Diversity in Publishing: Next Steps in the Discussion

booksDiversity is a hot topic in publishing right now. Though many have been working toward a more diverse and equitable literary landscape for years, there has been a significant increase in the number and frequency of conversations surrounding the topic in the past few months.

Arguably, the tipping point came when independent children’s publisher Lee and Low released their “Diversity in Children’s Books” infographic in June 2013. Based on the report and statistics of the Cooperative Children’s Book Center, the chart made the grim reality of children’s publishing impossible to ignore.  The graphic quickly went viral and has been cited in nearly every article about diversity in publishing released in the past year.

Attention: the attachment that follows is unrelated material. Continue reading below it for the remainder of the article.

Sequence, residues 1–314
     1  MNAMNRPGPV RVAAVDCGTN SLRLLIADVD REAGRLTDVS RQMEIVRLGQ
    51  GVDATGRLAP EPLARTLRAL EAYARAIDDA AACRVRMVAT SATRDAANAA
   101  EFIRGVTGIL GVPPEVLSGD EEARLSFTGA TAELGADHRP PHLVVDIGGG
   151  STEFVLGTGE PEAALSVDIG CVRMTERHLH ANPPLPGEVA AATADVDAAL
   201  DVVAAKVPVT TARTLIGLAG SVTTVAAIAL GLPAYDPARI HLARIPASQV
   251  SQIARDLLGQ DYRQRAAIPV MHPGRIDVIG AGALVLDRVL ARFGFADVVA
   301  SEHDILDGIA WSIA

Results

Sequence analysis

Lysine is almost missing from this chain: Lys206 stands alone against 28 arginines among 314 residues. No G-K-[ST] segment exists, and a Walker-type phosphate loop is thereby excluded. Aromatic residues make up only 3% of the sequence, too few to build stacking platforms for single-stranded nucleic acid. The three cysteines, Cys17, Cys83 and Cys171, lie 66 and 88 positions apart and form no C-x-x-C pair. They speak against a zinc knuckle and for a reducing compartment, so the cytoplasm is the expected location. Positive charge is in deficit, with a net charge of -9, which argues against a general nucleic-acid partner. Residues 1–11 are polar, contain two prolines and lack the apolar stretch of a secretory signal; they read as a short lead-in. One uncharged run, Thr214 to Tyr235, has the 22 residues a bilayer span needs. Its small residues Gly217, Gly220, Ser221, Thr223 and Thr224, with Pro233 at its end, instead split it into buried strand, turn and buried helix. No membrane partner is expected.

And there were many. So many, in fact, that this list compiled on BookRiot is not even close to exhaustive. That list doesn’t include:

  • the September 2013 discussion of #DiversityinSFF on Twitter and and the related blog posts. (For brevity’s sake, we won’t even talk about the numerous blog posts calling for inclusion and equity incited by the string of SFWA controversies in 2013.)
  • Zetta Elliott’s spot on NBC New York in February 2014
  • Daniel José Older’s essay on the intricacies of race and power in the publishing industry in April 2014